Programming is a wonderful mix of art and science; source code is both a poem and a math problem. It should be as simple and elegant as it is functional and fast. This blog is about that (along with whatever else I feel like writing about).

Wednesday, December 14, 2005

HandBrake Wrapper Script

I've been encoding my DVD's lately using HandBrake for Linux. As far as I can tell, there isn't a GUI for the Linux version, though there is a very nice one for OS X. However, you don't need the GUI at all.

Once you have compiled HandBrake from source, you have everything you need. Except that the default options in the CLI program (HBTest) aren't exactly the greatest in the world. So every time you want to encode a movie, you have to type a long string of command line options which aren't strictly necessary, since they're the same every time. (I'm assuming you encode all your movies the same way, because that's what I do ... and who wants to worry about encoding each movie differently?)

I encode the video using the x264 codec at 700 kbps, and the audio using the faac codec at 96 kbps. I find that this gives a high enough quality rip that the artifacts aren't typically very apparent. In most cases, my encoded version is indistinguishable from the MPEG-2 version on the DVD, except for the small size.

Normally, I would have to type:
/home/sean/Desktop/HandBrake-0.7.0/HBTest -e x264 -E faac -2 -b 700 -B 96 -w 512 -i /dev/dvd -o This\ is\ the\ movie\ title.mp4

That's a lot of typing, especially considering the fact that all of it is the same every time except for the -o argument.

To save myself some time (it's a valuable couple of seconds!), I wrote a wrapper script in Python to use my defaults instead of HandBrake's.

Here it is.

Now all I have to type is:
./hbencode.py 'This is the movie title.mp4'

Which of course is a lot faster.

I also decided that I might at some point forget to type a title for the movie, but I'd still want the movie to be ripped and encoded, and I could name it later. So my solution was that if nothing is passed in at the command line, it would get the current timestamp and use that as the filename. That should be unique enough that I'd be able to repeatedly encode things without setting a title and be able to go back and set their names later. It has the added bonus of keeping the files in chronological order, according to when they're ripped.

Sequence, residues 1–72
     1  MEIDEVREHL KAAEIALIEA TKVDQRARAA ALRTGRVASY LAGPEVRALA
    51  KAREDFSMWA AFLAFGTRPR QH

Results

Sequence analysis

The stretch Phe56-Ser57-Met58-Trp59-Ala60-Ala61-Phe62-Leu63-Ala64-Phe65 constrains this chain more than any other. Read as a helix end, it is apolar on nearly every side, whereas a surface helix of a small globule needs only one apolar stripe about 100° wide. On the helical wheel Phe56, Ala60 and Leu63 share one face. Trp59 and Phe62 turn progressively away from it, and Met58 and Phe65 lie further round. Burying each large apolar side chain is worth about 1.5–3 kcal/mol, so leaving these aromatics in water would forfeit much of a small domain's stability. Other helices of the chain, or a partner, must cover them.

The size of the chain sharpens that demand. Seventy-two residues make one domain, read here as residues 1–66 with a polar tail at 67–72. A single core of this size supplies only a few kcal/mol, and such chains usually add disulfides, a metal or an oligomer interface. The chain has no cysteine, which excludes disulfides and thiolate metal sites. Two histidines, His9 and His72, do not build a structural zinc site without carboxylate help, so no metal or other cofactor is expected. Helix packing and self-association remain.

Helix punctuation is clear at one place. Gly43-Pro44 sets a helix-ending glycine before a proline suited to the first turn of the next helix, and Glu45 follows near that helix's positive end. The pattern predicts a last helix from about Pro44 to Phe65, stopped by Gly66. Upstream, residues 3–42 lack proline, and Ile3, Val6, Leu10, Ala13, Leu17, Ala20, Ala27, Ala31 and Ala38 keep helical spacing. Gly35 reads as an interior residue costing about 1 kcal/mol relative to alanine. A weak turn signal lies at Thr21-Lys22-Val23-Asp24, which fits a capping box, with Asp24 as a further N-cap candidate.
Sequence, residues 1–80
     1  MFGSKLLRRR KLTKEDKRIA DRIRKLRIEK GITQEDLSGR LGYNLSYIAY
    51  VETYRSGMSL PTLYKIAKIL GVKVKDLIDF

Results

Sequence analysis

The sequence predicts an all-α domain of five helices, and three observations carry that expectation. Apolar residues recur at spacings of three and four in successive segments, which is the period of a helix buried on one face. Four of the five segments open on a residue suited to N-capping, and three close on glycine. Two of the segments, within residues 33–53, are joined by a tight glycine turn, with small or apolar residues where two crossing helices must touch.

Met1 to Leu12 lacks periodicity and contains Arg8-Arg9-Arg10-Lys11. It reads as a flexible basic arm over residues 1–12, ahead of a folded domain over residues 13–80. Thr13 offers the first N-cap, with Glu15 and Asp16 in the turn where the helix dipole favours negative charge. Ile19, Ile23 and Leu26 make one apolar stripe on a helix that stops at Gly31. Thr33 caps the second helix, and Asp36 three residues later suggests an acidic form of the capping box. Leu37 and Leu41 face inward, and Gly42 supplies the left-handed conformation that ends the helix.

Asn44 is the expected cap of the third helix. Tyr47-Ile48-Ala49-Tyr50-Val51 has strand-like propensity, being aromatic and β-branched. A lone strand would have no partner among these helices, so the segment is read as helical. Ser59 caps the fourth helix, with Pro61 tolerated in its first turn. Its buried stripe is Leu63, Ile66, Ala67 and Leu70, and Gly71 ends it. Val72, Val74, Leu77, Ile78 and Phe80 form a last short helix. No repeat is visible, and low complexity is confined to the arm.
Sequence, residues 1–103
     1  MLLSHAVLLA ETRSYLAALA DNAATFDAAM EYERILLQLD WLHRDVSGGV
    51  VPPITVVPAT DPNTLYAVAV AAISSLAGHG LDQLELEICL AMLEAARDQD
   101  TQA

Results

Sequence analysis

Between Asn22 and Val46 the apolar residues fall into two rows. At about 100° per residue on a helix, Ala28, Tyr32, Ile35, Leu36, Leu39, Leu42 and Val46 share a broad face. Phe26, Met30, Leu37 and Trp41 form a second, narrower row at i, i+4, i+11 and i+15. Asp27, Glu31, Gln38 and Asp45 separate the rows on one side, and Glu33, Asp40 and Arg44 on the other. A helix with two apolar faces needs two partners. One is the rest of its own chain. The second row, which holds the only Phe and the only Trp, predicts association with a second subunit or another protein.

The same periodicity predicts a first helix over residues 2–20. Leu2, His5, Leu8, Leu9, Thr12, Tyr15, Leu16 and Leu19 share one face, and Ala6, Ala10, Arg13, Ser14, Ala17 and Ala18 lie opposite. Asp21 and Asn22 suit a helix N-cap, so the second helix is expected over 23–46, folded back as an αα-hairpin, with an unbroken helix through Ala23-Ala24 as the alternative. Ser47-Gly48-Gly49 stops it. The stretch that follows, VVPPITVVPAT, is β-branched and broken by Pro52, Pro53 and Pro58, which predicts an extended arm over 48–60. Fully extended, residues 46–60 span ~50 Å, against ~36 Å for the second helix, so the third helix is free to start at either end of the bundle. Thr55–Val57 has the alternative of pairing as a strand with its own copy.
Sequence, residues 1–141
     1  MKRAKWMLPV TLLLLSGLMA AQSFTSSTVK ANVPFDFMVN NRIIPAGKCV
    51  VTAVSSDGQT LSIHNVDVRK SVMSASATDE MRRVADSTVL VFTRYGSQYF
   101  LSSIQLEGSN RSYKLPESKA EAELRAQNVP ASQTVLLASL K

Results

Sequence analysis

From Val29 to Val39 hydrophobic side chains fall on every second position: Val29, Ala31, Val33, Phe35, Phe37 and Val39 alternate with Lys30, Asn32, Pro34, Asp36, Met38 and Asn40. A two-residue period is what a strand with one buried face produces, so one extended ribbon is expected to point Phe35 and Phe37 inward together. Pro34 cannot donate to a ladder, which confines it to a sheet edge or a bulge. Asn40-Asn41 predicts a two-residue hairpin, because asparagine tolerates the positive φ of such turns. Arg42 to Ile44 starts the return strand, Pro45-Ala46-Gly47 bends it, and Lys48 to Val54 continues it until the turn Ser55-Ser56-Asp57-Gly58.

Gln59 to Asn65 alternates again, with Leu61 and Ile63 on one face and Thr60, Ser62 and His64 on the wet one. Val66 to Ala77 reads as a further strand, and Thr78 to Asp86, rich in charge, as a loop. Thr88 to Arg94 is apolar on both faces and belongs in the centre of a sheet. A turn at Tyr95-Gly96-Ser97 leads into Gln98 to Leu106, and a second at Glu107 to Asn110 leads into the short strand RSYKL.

The next step is to take more command line options than just the movie title, so that the defaults can be changed if necessary. The first addition would be the ability to set the title to rip, in case you're ripping a TV show, or a movie where the main feature is (for whatever dastardly reason) not the first title.

This is a very simple script, but it makes my video encoding life a little simpler, and a little more pleasant. Hopefully it does the same for you.

2 comments:

Anonymous said...

thats an awesome script man, as looking for something just like that..was going to use bash but python is mucho better! thanks again

jeffc said...

Sean; oddly enough about the same time as this post was apparently made, I came to the same conclusion: handbrake for linux needed a python wrapper. I took a slightly different route (divx) but the core concepts are similar. First, I wrapped the basic defaults to rip a single track in a shell script, then wrote a python module to analyze a track to determine if it was a movie (65+ mins), a show (35-55 mins), a cartoon (17-25 mins) or a "special feature" (4-20 mins). Then I wrote a script to read the output of lsdvd, create an array of "tracks", then let the user select what they wanted (movie: 1st largest track only, show: all tracks meeting the show definition, cartoon: all tracks meeting the cartoon definition, and so on). It then used the disc title as the default although that can be overridden and rips everything. Movies come out as [disc_title].avi, shows come out as [disc_title_tracknum].avi.

The end result is I have one script that can almost automatically rip movies, episodic shows, special features discs and more. Oh and I added a "recordable" mode since stuff I burn from a stand-alone player tends to show twice as many tracks as there actually are.

Two areas of improvement that I am currently working on are having it automatically pick the english track (for anime subs) and as a refinement to the recordable issue but also as a fix for the case of discs like the recent Heroes Season 1 release, filtering out duplicate tracks.

Anyhow, my code is dodgy but it works reliably and is easy to extend if you want a copy write me at jeffc at jbcobb.net..would love to compare notes. I also recently bought a book on GTK and am thinking of writing a GUI for Handbrake on linux. What would really knock this out of the ballpark is to find a way to use something like ndiswrapper on AnyDVD which would then (to me) represent the complete soup-to-nuts solution. AnyDVD is the only reason I still have any microsoft anything laying around....

Cheers,
Jeff